Accurate knowledge of ET is an essential component in efforts to monitor the global water cycle, climate variability, agricultural productivity, floods, and droughts. Model-based estimates of ET from global landmasses range from 58 to 85 103 km3 yr-1, although the exact magnitude and spatial distribution is still in question (Dirmeyer et al. 2006). Thermal infrared (TIR) RS has proved to be an invaluable asset in modeling spatially distributed evaporative fluxes (Kalma et al. 2008). Most prognostic LSMs determine ET through a water-balance approach, relying on spatially distributed estimates of Prcp interpolated from coarse-resolution gauge networks or mapped using satellite techniques, neither of which currently provides adequate accuracy at scales useful for drought monitoring. Nonetheless, a number of diagnostic, RS-based methods to estimate ET have been developed in the past few decades, mainly estimating ET as a residual of the surface energy balance (Kalma et al. 2008):
where Rn and H are already defined, and G is soil heat flux.
Diagnostic ET methods based on TIR RS require no information regarding antecedent Prcp or SM storage capacity—the current surface moisture status is deduced directly from the RS-derived temperature signal. In general, dry soil or stressed vegetation heats up faster than wet soil or well- watered vegetation. TIR RS data sources provide multiscale information that can be used to bridge between the observation scale (~100 m) and global model pixel scale (10-100 km), facilitating direct model accuracy assessment. Examples of diagnostic ET methods include the Surface Energy Balance Algorithm for Land (SEBAL; Bastiaanssen et al. 1998) model, the Mapping EvapoTranspiration at high Resolution with Internalized Calibration (METRIC; Allen et al. 2007) model, the Simplified Surface Energy Balance (SSEB; Su 2002) model, the Atmosphere Land Exchange Inverse (ALEXI;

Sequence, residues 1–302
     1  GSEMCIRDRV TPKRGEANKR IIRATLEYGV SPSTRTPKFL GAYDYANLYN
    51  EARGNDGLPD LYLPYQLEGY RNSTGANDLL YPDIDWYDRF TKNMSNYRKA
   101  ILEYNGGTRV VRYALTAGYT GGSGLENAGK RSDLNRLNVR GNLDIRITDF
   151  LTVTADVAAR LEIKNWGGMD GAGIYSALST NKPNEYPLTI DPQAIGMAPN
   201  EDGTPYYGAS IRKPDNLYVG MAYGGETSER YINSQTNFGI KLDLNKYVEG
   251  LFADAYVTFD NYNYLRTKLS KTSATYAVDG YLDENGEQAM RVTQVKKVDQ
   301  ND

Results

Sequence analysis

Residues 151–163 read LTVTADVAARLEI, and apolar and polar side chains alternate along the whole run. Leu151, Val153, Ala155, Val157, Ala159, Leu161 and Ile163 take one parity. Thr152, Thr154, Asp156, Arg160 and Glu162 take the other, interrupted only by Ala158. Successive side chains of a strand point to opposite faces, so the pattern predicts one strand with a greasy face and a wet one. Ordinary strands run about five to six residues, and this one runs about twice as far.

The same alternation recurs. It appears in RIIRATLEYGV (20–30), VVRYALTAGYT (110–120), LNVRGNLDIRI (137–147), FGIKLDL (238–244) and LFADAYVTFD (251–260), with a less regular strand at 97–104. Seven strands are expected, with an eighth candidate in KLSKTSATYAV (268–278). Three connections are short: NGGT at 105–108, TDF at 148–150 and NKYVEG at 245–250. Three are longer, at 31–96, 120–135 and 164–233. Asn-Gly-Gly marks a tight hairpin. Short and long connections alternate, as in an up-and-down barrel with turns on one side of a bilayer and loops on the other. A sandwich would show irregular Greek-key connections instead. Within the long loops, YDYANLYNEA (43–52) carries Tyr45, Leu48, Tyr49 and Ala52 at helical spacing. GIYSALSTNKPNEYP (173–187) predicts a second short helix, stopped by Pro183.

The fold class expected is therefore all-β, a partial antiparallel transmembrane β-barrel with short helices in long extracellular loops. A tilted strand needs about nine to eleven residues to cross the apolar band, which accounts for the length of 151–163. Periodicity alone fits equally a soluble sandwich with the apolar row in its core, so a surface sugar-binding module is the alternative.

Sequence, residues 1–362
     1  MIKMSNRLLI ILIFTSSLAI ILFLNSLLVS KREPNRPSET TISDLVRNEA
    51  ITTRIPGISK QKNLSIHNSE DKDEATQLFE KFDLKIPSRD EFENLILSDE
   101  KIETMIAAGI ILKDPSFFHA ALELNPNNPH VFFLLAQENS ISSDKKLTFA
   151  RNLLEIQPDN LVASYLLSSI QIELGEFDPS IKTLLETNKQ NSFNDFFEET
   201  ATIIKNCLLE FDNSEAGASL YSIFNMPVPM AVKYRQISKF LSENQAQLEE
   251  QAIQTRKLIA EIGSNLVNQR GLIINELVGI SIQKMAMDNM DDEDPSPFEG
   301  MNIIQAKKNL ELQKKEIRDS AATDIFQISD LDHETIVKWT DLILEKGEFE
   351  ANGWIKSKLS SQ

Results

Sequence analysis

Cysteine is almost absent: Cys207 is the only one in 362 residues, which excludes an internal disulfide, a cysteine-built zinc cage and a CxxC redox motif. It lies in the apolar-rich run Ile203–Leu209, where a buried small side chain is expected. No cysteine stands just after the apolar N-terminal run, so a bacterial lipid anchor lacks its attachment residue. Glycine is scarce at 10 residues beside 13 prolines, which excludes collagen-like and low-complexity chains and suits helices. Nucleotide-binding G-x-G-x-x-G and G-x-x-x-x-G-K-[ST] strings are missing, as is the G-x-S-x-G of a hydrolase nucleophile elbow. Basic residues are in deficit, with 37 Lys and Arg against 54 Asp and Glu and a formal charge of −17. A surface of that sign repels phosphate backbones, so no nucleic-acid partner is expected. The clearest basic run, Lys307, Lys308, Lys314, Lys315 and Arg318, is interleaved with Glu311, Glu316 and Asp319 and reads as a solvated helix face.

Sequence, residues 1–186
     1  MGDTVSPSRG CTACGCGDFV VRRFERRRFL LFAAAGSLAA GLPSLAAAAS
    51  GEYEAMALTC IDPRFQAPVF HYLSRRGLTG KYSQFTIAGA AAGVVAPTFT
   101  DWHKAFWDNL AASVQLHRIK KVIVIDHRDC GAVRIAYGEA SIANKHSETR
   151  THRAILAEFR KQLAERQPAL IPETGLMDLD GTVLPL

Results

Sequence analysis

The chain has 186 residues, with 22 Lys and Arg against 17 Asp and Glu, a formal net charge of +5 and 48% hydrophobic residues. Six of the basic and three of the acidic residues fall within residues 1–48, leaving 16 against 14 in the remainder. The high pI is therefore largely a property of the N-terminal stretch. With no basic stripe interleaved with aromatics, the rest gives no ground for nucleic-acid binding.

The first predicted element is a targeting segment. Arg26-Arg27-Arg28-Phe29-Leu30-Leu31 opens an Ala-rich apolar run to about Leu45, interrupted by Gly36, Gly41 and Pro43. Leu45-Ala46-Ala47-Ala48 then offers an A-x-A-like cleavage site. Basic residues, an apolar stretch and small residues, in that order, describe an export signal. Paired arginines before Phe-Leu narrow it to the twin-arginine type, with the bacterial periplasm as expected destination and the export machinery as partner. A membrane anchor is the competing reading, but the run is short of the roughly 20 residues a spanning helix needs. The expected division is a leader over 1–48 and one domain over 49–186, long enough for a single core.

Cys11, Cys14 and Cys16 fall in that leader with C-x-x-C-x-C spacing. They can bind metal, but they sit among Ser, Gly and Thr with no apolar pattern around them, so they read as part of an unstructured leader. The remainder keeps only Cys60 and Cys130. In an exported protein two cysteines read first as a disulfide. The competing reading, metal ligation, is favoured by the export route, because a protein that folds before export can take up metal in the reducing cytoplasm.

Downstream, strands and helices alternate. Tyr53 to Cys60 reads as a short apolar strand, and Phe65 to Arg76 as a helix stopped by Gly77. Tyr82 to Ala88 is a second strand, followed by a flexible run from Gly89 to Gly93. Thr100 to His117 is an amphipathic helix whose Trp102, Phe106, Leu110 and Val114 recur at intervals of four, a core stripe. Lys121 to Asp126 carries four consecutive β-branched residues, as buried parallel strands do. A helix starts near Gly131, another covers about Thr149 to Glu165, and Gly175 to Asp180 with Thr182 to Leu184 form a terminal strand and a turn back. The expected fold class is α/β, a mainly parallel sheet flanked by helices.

Anderson et al. 1997, 2011b) model, and the Operational Simplified Surface Energy Balance (SSEBop; Senay et al. 2011, 2013) model. Some of these methods (SEBAL, METRIC, SEBS, and SSEBop) focus generally on the use of a single RS observation of TIR LST and provide a scaling between a "hot" pixel (where ET = 0) and a "cold" pixel (where ET = E0), providing ET estimates when accurate representations of the "hot/cold" pixels can be made. Few of these methods have been employed in drought monitoring, as much of their focus has been placed on high-resolution, field-scale estimation of consumptive water use (i.e., actual ET). However, methods such as ALEXI use a time-integrated measure of LST during the mid-morning hours, a time when LST and SM have been shown to be strongly correlated (Anderson et al. 1997). The ability of TIR LST to assess the current SM state and the effects of vegetation stress on ET provides a unique opportunity to augment current drought-monitoring methods, providing an estimate of actual water availability that can be used with estimates of E0 to estimate anomalies in water use and/or vegetation stress.